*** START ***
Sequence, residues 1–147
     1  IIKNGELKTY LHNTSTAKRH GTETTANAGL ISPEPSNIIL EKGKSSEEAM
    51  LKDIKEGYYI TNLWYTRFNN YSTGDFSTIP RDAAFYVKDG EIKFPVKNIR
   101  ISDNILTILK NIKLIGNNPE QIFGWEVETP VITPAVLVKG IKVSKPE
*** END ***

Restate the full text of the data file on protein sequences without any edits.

Sequence, residues 1–147
     1  IIKNGELKTY LHNTSTAKRH GTETTANAGL ISPEPSNIIL EKGKSSEEAM
    51  LKDIKEGYYI TNLWYTRFNN YSTGDFSTIP RDAAFYVKDG EIKFPVKNIR
   101  ISDNILTILK NIKLIGNNPE QIFGWEVETP VITPAVLVKG IKVSKPE